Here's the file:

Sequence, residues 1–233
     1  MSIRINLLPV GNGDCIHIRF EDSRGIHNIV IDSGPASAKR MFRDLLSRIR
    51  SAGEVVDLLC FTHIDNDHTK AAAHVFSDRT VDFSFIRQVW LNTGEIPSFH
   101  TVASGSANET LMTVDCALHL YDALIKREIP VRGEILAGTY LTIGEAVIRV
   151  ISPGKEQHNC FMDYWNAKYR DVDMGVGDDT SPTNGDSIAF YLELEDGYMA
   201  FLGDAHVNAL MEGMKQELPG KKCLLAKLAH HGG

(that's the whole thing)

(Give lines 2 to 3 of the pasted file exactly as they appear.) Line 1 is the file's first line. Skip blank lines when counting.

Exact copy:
     1  MSIRINLLPV GNGDCIHIRF EDSRGIHNIV IDSGPASAKR MFRDLLSRIR
    51  SAGEVVDLLC FTHIDNDHTK AAAHVFSDRT VDFSFIRQVW LNTGEIPSFH